The check engine light is one of the most important warning lights on your car. It means there’s something wrong that needs to be fixed, and if you ignore it, you could end up with a much bigger problem. In this post, we’re going to explain what the check engine light means, what can cause it to turn on, and how you can fix it.
What does the check engine light mean?
The check engine light is one of the most important lamps on your vehicle’s dashboard. It comes on when the vehicle’s computer detects an issue with the engine or emission control system.
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When this happens, it is important to have the vehicle checked with your OBD2 scanner or by a professional as soon as possible. The check engine light will stay on until the problem is fixed.
Furthermore, ignoring the check engine light can lead to further damage and may void your warranty. If you see the check engine light, be sure to bring your vehicle to a trusted mechanic for diagnosis and repair.
5 common causes of the check engine light
There are many reasons why the check engine light may come on, such as a faulty oxygen sensor or a loose fuel cap. However, it is important to note that the check engine light can also come on for less serious reasons, such as a dirty air filter. Regardless of the reason, it is always best to have the engine checked as soon as the light comes on. Ignoring the check engine light could lead to more serious problems down the road.
1. Faulty oxygen sensor
The most common cause is a problem with the oxygen sensor. The oxygen sensor is responsible for measuring the amount of oxygen in the exhaust gas. If it isn’t working properly, it can cause the check engine light to come on.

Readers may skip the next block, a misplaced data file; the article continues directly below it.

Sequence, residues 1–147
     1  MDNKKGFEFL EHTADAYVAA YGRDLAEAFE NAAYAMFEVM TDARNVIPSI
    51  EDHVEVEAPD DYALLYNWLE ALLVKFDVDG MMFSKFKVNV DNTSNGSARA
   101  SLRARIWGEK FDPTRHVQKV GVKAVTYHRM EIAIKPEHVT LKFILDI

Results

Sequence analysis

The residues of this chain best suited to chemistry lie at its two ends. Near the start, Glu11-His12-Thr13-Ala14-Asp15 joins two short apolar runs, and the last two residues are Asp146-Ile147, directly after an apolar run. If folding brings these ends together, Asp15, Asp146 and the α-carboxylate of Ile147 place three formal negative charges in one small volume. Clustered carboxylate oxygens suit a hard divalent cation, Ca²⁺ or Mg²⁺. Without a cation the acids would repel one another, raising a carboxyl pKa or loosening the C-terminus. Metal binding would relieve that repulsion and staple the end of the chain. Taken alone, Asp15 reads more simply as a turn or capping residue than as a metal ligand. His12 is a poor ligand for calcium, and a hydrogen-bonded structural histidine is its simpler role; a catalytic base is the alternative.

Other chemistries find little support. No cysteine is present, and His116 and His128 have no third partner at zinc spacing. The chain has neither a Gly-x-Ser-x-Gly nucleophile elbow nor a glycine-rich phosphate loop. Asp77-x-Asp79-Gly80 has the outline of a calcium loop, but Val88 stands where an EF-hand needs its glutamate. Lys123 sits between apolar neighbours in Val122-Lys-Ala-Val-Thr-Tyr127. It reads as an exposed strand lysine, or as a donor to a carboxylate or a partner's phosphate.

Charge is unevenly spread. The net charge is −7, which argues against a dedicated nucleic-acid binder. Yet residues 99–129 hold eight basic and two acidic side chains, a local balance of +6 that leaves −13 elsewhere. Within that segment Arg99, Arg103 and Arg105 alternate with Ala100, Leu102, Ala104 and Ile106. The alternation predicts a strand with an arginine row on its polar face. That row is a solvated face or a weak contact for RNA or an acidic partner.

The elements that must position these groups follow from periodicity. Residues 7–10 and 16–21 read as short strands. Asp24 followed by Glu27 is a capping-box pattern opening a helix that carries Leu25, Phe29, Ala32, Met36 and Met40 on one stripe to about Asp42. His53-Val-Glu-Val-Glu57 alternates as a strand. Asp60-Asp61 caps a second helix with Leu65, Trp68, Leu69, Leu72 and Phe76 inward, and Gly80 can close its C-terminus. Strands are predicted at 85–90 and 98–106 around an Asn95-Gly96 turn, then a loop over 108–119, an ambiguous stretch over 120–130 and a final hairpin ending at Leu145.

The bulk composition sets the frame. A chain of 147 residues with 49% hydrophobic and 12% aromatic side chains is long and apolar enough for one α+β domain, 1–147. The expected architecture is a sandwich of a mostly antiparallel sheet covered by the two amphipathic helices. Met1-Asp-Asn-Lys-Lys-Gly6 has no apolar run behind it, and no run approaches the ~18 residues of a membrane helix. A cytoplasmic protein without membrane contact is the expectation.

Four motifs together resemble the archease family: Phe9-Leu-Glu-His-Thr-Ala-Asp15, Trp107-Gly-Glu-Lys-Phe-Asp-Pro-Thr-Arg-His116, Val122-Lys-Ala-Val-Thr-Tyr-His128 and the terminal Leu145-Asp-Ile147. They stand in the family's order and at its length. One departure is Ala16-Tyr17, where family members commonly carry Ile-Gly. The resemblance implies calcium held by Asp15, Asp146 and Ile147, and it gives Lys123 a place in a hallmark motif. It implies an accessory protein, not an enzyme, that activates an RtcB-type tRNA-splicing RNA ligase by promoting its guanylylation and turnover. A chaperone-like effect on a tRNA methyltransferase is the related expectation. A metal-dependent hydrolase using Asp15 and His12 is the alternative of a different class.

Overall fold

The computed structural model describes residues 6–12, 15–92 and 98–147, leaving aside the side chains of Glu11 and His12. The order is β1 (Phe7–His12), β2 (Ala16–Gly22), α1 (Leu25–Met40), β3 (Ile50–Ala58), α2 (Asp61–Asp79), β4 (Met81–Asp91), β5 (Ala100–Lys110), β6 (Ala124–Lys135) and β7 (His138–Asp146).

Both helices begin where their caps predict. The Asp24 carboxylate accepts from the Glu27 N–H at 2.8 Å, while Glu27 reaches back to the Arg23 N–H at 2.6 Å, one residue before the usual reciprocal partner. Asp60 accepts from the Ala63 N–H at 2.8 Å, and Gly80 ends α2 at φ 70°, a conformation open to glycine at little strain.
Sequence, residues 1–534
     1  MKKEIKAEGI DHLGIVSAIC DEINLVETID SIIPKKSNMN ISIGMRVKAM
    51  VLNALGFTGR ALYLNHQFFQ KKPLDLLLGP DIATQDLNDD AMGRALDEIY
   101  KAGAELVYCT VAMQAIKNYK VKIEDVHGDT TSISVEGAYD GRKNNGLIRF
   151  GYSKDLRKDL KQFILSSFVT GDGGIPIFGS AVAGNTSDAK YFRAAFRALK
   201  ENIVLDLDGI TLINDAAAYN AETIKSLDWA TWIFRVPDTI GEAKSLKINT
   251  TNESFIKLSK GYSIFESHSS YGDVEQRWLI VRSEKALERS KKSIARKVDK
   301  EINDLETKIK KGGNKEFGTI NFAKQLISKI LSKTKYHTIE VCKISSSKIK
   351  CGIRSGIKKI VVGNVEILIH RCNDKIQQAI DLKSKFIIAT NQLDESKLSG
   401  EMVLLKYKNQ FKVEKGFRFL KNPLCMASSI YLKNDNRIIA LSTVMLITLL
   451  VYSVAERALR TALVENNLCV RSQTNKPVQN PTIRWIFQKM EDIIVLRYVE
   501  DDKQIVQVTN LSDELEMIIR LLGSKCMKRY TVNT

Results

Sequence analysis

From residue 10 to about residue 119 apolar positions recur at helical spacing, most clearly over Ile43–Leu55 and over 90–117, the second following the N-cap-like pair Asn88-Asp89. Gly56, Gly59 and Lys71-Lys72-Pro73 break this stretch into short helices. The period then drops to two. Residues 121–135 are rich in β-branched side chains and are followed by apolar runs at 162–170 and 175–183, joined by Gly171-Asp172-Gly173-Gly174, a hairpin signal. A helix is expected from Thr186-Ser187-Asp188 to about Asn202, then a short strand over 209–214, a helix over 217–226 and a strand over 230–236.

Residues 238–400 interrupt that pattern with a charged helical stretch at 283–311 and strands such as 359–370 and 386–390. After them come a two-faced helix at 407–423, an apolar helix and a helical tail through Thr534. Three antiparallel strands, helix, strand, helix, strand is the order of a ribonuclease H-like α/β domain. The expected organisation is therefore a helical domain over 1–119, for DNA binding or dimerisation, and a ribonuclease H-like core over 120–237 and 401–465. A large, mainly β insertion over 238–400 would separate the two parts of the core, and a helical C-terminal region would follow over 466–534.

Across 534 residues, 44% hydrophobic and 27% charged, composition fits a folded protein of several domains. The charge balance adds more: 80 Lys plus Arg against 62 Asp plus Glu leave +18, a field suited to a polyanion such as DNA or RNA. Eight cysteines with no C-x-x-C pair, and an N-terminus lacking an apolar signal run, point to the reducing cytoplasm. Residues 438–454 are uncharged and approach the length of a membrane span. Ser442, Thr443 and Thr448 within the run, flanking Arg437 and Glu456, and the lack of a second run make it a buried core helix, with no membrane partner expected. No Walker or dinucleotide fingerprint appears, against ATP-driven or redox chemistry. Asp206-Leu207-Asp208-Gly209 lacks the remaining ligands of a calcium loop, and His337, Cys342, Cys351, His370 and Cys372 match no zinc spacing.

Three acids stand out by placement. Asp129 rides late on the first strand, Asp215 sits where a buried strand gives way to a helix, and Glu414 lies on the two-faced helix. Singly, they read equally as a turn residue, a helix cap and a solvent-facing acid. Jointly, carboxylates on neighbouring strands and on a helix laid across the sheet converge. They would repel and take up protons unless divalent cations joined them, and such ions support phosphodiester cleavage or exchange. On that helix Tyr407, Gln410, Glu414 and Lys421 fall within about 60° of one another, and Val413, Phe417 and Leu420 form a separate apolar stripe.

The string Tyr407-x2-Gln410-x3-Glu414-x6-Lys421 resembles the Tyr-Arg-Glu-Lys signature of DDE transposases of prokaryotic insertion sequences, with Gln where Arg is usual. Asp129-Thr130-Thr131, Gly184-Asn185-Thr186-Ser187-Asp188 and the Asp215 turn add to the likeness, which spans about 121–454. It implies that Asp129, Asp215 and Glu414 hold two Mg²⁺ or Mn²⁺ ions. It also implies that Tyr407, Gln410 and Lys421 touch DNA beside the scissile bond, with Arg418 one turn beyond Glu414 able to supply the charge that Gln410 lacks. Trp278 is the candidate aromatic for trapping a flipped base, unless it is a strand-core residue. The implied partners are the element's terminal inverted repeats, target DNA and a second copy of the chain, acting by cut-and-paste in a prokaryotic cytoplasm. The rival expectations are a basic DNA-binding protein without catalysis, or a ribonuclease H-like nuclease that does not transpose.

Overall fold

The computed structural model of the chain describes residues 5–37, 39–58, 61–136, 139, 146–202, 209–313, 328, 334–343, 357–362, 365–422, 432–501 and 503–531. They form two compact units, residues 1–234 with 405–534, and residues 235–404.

2. Catalytic converter problems
The catalytic converter is responsible for converting harmful pollutants in the exhaust gas into harmless gases. If it isn’t working properly, it can cause the check engine light to come on.
3. Loose gas cap
A loose gas cap can cause the check engine light to come on. It can also cause your car to waste gasoline and emit harmful fumes.
4. Dirty air filter
A dirty air filter can restrict the flow of air to the engine, causing the check engine light to come on.
5. Engine misfire
An engine misfire can cause the check engine light to come on. It can also damage the catalytic converter and cause your car to waste gasoline.
Most common repairs for check engine light
The check engine light can come on for a variety of reasons, so the repairs will vary depending on the cause. However, some of the most common repairs include:
1. Replacing the oxygen sensor
Replacing the oxygen sensor is a relatively simple task that you can do yourself, and it can save you money by avoiding the need for a mechanic. Here’s how to replace the oxygen sensor in your vehicle:
First, locate the oxygen sensor. It will be located near the exhaust manifold and will have a wire connected to it. Next, disconnect the wire from the oxygen sensor. You may need to use a wrench to loosen the connection.
Once the wire is disconnected, you can remove the old oxygen sensor. Screw in the new oxygen sensor in its place, and hand-tighten it to secure it.